Digital Marketing Campaign Benchmarks May Be Different Than You Think


Everywhere you turn these days there’s a new blog post touting a digital marketing transformation story:

  • Krylon sent DIY experts to buy “worthless” yard sale items and transform them into something desirable and then shared the transformations on Pinterest using the buyable pin feature. Krylon’s Pinterest following jumped by 400 percent and the company estimates it generated $2.7 million in earned media coverage.
  • In 2015, Domino’s launched a permanent tweet-based ordering system where users can tweet at the Domino’s twitter account using the hashtag #easyorder and an emoji to place an order, generating earned media coverage on Good Morning America and USA Today. More than half of Domino’s orders now come from social media.
  • The American Express-backed OPEN Forum is a collaborative website targeting small business owners and entrepreneurs with guest authored content. This content-rich site ranks at the top of Google searches and since the content all comes from contributors, American Express didn’t have to foot the bill for a big content marketing investment.

A Pinterest campaign that generates $2.7 million in earned media coverage. A tweet-to-order feature that earns press and accolades including the Cannes Lions 2015 Titanium Jury Grand Prix. A thought leadership initiative that requires little upfront content investment but consistently ranks at the top of Google searches. If you compare your digital marketing programs to these examples, it’s easy to feel like you’re underperforming. Why aren’t your social media campaigns generating $2.7 million in earned media coverage? (For starters, possibly because you’re not starting with a $200,000 budget like Krylon had!) These success stories are all from established brands and paint an unrealistic assessment of how long it really takes to see digital marketing results.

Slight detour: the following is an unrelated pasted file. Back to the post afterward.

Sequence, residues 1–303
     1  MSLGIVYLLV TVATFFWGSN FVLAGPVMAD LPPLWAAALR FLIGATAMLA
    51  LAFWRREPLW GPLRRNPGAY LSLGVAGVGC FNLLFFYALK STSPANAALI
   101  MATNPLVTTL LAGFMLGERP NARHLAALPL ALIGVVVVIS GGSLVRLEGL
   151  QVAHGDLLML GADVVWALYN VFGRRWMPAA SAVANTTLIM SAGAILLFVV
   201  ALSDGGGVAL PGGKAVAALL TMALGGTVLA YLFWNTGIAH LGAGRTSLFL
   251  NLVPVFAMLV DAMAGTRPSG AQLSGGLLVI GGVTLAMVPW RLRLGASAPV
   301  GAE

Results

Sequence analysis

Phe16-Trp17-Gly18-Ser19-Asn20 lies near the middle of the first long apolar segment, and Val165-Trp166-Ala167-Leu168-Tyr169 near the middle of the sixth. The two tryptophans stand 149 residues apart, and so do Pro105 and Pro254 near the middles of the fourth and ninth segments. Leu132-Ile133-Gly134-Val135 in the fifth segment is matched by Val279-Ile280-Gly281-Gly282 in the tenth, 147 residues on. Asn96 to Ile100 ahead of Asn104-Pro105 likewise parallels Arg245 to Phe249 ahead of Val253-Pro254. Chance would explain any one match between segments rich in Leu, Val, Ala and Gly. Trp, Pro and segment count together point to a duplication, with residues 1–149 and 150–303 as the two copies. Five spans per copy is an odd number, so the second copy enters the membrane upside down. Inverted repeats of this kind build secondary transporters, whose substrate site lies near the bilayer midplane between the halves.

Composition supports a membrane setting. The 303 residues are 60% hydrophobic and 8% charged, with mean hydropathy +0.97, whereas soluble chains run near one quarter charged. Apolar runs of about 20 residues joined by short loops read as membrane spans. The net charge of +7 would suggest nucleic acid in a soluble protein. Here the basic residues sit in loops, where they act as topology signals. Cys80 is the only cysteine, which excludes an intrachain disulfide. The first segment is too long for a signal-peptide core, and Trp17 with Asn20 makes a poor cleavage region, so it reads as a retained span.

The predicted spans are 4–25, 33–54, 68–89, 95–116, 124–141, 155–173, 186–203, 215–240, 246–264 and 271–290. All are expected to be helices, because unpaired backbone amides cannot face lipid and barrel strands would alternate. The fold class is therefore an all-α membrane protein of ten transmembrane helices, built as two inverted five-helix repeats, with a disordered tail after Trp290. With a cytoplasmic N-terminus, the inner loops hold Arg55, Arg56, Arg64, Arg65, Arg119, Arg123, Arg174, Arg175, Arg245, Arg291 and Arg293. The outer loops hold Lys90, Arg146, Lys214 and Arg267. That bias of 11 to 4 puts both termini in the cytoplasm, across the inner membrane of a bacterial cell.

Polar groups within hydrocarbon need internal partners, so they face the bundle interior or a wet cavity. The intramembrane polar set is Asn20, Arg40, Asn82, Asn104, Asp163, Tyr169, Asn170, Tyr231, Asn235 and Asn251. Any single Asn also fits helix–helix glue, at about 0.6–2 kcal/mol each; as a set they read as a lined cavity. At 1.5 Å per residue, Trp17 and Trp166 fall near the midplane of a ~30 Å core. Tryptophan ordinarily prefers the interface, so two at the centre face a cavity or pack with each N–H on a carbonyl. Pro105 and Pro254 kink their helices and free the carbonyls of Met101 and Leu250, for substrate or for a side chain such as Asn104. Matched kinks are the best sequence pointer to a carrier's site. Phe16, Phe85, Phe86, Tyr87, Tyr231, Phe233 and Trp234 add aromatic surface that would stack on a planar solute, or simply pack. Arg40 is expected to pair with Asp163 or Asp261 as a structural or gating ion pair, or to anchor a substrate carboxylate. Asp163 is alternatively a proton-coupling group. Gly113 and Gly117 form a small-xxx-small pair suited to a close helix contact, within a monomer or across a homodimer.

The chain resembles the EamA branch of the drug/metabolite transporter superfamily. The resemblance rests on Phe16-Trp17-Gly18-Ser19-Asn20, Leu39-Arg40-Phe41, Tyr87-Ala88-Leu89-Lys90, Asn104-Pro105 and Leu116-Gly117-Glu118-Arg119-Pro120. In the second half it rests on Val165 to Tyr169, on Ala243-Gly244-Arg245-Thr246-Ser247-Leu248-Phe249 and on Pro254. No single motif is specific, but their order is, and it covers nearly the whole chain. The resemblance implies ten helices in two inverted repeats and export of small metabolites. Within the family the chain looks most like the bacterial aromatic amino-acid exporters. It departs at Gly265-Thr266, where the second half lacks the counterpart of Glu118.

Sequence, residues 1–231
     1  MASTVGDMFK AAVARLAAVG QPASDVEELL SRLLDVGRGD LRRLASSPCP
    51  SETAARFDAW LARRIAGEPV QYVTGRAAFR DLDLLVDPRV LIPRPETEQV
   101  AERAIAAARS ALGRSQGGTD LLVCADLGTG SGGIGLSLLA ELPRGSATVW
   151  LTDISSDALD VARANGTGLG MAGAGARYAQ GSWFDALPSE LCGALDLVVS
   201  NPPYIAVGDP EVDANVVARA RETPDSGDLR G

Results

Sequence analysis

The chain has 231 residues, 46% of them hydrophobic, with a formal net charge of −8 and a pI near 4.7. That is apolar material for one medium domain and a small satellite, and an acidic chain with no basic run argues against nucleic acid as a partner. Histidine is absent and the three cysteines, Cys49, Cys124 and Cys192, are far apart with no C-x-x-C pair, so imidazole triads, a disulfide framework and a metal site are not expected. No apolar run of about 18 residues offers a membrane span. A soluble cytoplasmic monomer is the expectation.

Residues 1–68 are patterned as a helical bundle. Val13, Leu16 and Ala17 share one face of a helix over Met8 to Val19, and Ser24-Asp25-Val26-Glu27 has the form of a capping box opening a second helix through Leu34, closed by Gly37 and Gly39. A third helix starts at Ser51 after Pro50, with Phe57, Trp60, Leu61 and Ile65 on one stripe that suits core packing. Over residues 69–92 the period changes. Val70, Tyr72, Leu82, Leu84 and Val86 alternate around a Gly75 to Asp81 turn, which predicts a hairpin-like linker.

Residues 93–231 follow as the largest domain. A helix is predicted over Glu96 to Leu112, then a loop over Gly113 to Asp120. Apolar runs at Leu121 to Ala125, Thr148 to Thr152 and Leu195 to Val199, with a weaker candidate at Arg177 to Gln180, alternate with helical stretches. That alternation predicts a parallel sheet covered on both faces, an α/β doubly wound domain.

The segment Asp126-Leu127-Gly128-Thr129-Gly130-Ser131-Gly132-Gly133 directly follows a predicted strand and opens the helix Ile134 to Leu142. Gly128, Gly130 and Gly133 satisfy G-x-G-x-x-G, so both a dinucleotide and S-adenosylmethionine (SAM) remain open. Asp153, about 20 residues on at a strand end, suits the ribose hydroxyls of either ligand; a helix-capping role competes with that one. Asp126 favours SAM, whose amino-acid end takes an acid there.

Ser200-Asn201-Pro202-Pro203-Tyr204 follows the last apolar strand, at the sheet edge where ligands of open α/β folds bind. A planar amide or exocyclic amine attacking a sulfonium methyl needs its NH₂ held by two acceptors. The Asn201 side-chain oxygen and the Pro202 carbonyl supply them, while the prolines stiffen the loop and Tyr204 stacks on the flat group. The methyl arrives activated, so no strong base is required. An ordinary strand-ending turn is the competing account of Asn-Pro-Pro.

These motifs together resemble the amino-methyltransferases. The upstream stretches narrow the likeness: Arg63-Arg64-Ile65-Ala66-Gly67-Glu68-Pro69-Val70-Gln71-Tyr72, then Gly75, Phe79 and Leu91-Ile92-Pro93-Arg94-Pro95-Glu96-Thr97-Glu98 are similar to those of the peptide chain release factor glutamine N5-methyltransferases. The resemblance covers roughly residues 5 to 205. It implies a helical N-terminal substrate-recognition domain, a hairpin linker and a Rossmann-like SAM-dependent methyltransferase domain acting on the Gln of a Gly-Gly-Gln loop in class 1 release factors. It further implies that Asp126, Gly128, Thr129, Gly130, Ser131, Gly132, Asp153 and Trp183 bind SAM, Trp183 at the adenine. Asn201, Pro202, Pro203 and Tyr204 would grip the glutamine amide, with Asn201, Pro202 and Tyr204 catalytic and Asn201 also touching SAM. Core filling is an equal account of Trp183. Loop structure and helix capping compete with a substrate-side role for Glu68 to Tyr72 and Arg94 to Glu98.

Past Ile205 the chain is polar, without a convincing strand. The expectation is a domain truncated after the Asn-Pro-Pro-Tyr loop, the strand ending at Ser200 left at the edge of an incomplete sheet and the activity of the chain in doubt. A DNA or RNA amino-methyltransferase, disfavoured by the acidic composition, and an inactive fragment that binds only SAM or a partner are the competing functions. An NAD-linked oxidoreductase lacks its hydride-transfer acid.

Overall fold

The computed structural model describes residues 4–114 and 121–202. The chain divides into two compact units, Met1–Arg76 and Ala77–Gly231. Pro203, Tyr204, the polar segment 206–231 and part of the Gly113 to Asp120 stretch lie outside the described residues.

How long does it really take to see results?

Unrealistic digital marketing campaign benchmarks can make it feel like your campaign failed when in reality, it’s actually been pretty successful, all things considered. When assessing your campaign’s results, keep the following in mind:

  1. Be realistic about your starting point. It’s great to shoot for the moon, but if you’re still building your first rocket ship, you can’t expect to go into orbit overnight. Determine your big long-term goal and then break it down into smaller benchmarks. What benchmarks do you need to hit along the way to stay on track and reach the main goal? For example, you might start by thinking about your reach: what’s the right mix of paid, owned and earned media for your business? How will this mix change over the length of your campaign to drive other goals like social engagement, lead generation or mobile conversion? These are questions you’ll want to return to throughout your campaign.
  2. Be in it for the long haul. Yes, random overnight success can happen, but even a viral pop will be short-lived. You need to stick to a consistent strategy and keep working on it for a minimum of 6+ months to generate long-term traction. The upfront investment to start your program may seem high, but the longer you keep at it, the lower the day-to-day cost will be and the greater the benefit.
  3. Celebrate the small wins. If everything is about the final outcome, it’s easy to feel disheartened if you can’t get there right away. Instead, you need to celebrate the small wins along the way. If your business is brand new to digital marketing, a realistic success outcome for your first six months might simply be setting up a few social media accounts and being active on these accounts on a regular basis. After six months, maybe you set a new goal to share 2-3 fresh pieces of content every week. By 12 months, your goal could be to convert leads through social media engagement.

It’s great to look at established brands for digital marketing inspiration, especially if your slice of the industry has been slower to adopt content marketing or social media engagement strategies. However, keep in mind these brands have huge budgets, teams, and resources that go far beyond what’s at your disposal. Be realistic about using these brands as digital marketing campaign benchmarks and avoid a single-minded focus on any one metric.

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